James Hamilton, Jr., founder of the Hamilton Library Association and what became the Cumberland County Historical Society, was born in Carlisle, Pennsylvania on October 16, 1793, the only son of Judge James Hamilton (born 1752 in Belfast, Ireland, died February 13, 1819) and his wife Sarah Thomson, daughter of Rev. William and Susanna Ross Thomson.
James Hamilton, Jr., founder of the Hamilton Library and Historical Association, was born in Carlisle, Pennsylvania on October 16, 1793, the only son of Judge James Hamilton (born 1752 in Belfast, Ireland, died February 13, 1819) and his wife Sarah Thomson, daughter of Rev. William and Susanna Ross Thomson.
In his first will, dated November 20, 1871, James Hamilton instructed his executors to pay $2,000 “to any incorporated company in Carlisle,”…for the establishment of a Town Library. To that end he directed that “60 feet square off the corner of Lot #85 in the plot of said town of Carlisle, at the intersection of Pitt Street and Dickinson Alley, being the northwest corner of my garden…” be given for a suitable building to be erected.
However, Hamilton drew up a second will on January 13, 1873 giving the brick house that he owned, next to his residence on High Street, to the Trustees, stipulating that $4,000 should be invested with the Orphans’ Court and the interest be used for the establishment of a Town Library. He directed them to “fit up the two rooms above the parlour for a museum of fine arts, paintings and antiquities, and the two rooms now used as parlours for a Library…” The Trustees were to use one half of the interest annually to purchase history books. Hamilton also willed bookcases, carpets, furniture, paintings, philosophical apparatus, minerals, etc. for the Library. He also gave the 60 foot portion at the corner of Pitt and Dickinson Alley “for the purpose of erecting thereon a fire-proof building for said Library and Museum…”
To the second will he added a codicil stating that the first will, dated November 20, 1871 would be his last will if he died before March 1, 1873. If he died after that date, then his second will would stand. He died on January 23, 1873, consequently, his first will was valid; a decision that was upheld by the Orphans’ Court of Cumberland County as well as the Pennsylvania Supreme Court.
The Trustees named in Hamilton’s will drew up a constitution and by-laws, and a charter was granted to the Hamilton Library Association on April 21, 1874. The actual construction of the building was delayed for seven years because the money for the building had been invested in shares of rail road stock that declined in value.
A contract for the building was awarded on April 9, 1881 to J. P. Brindle for $1,789.85, and the plans were drawn up by George Rice. By June, 1882, the building was finished and ready for use, but due to financial reverses there was no money for equipment or maintenance of the Library.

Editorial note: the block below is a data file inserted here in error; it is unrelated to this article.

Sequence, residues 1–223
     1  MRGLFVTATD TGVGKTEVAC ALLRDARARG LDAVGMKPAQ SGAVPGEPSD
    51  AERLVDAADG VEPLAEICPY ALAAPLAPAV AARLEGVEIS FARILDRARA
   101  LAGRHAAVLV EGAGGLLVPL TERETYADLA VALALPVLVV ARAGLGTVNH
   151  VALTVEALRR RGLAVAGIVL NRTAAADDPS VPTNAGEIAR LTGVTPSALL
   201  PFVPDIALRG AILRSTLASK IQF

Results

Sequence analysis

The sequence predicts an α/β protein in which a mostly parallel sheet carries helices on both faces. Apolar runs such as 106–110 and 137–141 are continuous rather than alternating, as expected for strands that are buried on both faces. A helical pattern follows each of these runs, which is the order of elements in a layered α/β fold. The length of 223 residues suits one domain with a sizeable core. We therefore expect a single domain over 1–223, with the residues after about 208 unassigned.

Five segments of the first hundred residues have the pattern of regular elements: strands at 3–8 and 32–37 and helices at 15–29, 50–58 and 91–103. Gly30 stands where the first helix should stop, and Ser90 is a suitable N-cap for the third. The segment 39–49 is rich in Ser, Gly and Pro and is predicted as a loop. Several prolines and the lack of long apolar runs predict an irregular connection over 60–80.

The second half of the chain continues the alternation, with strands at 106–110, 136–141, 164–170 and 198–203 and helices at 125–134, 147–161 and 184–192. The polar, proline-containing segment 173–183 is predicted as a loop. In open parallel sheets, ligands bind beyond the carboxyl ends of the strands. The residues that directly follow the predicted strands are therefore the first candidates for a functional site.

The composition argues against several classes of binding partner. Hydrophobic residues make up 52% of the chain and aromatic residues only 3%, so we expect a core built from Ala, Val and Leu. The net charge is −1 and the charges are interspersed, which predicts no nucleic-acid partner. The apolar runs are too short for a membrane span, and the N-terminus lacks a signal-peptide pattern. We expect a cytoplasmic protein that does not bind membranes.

The volunteer efforts of the Society’s first secretary, Reverend Joseph A. Murray, local historians Charles P. Humrich, and Capt. William E, Miller, enabled the library to function. Books, historical objects, and bound volumes of newspapers were donated and enabled the collection to build.
In 1882, Association Secretary, Reverend J. A. Murray, reported that since the founding of the Association, four of the twenty members of the Association had died, which temporarily paralyzed the Association. He reported on the number of books and written materials that had been received and noted that a standing appeal was made to the public to donate historical newspapers, documents, letters, manuscripts, deeds, etc. The Association also proposed to commence a Museum in the building to house relics of Cumberland County’s past.
The creation of the J. Herman Bosler Memorial Library in Carlisle in January 1900 transferred the burden of being a public lending library from the Hamilton Library and let it specialize in the collection and preservation of local history.
The Report of the Association in 1900 recorded the advisability of changing the name of the organization to the “Hamilton Library and Historical Association;” to elect more members, and to fit the upper room of the building for public meetings.
The year 1901 was the sesqui-centennial of the founding of Carlisle and a perfect time for the Hamilton Library to display their collection of historical documents, artifacts, objects and photographs. It was also the year the Hamilton Library began its long and distinguished tradition of the publication of papers about historical subjects by local authors and historians. The Hamilton Essay program encouraged Carlisle High School students to research and write about local history. The collections of photographs by local photographers Charles F. Himes and A. Allen Line were the foundation of the ever-growing photographic collection.